Occupy Omaha protesters march against “corporate greed”
October 15th, 2011
Omaha, NE – Hundreds of people marched through downtown Omaha this morning, in solidarity with the Occupy Wall Street protesters, who have rallied since mid-September in New York against what they call â€œcorporate greed.â€
Omahaâ€™s crowd was a diverse mix of young and old, black, white and brown. And, like others whoâ€™ve rallied in solidarity protests around the country, their reasons for hitting the streets were varied.
Ian Carrier of Omaha said he came out in support of â€œpeace and loveâ€ and to urge government to hold corporations accountable. â€œWeâ€™ve handed our elections to corporations, and it needs to stop,â€ he said.
Others called for an end to the wars in Iraq and Afghanistan, while others held signs that read â€œSave our Jobsâ€ and â€œEnd Class Warfare.â€
Chelsea Richardson said she graduated with her Bachelorâ€™s degree from the University of Nebraska-Lincoln last year, and hasnâ€™t been able to find a job. The recession has impacted her and people around her, she said. â€œIâ€™ve met so many people who, just short of age of retirement, are losing their jobs, and arenâ€™t able to find anything anywhere, not to mention the economic situation of so many people in this country for years and years, not just the recession.â€
â€œIt seems like things are in shambles,â€ she said, â€œso Iâ€™m hoping we can pull together and put our heads together and figure out what to do.â€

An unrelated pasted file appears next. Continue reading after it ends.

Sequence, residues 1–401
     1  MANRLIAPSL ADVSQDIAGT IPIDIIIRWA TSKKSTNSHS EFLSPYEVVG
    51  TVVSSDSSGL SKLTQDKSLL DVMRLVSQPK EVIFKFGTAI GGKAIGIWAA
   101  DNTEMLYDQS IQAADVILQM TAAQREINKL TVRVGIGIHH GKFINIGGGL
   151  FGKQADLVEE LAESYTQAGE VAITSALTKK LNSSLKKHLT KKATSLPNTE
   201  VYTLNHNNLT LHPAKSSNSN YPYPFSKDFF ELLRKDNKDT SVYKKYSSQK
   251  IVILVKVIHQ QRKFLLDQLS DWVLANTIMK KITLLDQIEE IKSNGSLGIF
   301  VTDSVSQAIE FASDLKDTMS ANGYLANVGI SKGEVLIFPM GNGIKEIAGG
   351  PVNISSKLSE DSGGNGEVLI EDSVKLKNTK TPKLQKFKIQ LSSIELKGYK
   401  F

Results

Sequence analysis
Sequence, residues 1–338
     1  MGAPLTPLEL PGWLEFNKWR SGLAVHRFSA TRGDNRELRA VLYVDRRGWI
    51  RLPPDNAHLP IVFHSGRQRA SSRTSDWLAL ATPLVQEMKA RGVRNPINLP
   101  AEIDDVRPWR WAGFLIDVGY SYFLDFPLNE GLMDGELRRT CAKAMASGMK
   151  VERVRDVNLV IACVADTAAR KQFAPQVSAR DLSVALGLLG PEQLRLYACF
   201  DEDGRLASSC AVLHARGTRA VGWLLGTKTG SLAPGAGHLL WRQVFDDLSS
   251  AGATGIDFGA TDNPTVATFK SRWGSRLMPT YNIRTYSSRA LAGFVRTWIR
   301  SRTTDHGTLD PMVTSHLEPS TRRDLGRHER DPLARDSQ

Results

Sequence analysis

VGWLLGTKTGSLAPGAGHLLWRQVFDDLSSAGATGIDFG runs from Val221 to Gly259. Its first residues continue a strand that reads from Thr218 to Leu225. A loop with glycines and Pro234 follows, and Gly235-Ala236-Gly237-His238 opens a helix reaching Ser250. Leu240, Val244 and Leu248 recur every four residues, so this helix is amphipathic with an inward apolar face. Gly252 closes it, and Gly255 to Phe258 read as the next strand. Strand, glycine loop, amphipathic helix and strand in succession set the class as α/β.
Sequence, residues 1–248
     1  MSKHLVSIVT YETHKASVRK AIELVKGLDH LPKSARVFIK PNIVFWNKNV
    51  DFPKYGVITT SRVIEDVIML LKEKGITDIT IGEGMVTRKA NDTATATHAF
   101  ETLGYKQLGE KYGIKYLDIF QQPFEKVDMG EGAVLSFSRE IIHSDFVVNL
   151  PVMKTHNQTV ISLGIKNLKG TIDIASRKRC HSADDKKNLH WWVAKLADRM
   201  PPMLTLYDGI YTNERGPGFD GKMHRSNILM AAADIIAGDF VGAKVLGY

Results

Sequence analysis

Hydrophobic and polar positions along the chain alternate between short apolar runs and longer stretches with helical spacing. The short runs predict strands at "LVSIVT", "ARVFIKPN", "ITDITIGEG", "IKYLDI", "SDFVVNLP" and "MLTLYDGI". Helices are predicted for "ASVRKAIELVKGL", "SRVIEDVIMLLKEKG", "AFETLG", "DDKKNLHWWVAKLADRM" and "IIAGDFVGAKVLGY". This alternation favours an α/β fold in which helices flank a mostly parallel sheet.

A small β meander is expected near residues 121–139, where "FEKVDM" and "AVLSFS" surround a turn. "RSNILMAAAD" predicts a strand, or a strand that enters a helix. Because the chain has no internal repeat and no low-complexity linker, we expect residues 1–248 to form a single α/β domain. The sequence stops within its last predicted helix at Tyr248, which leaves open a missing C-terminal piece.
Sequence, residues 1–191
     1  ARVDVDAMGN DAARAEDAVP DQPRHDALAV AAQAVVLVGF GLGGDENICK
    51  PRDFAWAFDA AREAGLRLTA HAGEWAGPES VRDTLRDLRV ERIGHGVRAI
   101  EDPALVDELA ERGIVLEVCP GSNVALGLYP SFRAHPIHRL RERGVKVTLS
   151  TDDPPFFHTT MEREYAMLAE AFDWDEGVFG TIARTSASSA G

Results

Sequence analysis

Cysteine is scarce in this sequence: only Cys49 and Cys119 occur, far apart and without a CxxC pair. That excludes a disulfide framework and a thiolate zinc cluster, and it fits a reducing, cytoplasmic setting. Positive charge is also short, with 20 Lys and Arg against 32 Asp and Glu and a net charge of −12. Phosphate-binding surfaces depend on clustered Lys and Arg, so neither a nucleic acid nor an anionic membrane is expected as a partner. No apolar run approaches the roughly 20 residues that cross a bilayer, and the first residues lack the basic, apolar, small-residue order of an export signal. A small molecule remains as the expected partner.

Veronica Contreras said she came out to show the diversity of the protesters. â€œThereâ€™s this stigma that people protesting donâ€™t have jobs, and that weâ€™re just hippies and that we have a political agenda, and itâ€™s not about that,â€ she said. â€œItâ€™s about everyone in the community coming together. We all have different religious beliefs, different political beliefs, different stances on everything, but the one thing that weâ€™re united on is that we have a corrupt government, and we need change.â€
Felina Kavi marched with her five-year-old daughter Alyrica, who held up her own sign that read â€œI believe in a 100% future,â€ a reference to the main message of the Occupy protests: that government should not reflect the wealthiest one percent of the population, and that the protesters make up the 99 percent whose voices are ignored.
Her eyes welling with tears, Kavi said of her daughter, â€œSheâ€™s five years old, and she believes when she grows up, everythingâ€™s going to be fine.â€
â€œWe can see how things arenâ€™t working now and if it continues like this, itâ€™s not going to be good for her generation,â€ Kavi said. â€œI donâ€™t want her to have to clean up our mess, so I think itâ€™s important that we take care of it now.â€ Kavi said the protests are the beginning of a â€œrevolution.â€
A few police cars lined the streets, and two mounted police officers stood by and kept watch. But the protest was peaceful, and no arrests were reported.
Bruce Baumann led the protesters, with bullhorn in hand, from outside City Hall to the Omaha branch of the Federal Reserve Bank, and then through the Old Market. But, similarly to other â€œOccupyâ€ protests, Baumann insisted he is not an organizer, or leader of the group.
â€œThereâ€™s no leaders in this movement at all,â€ he said. â€œEach person brings something to the table. And my skill is leadership, so I just wanted to come out here with my bull horn. It wasnâ€™t really planned at all.â€
Baumann says the protesters will return to the streets next Saturday, and hope to begin the â€œoccupyâ€ stage of the protest soon.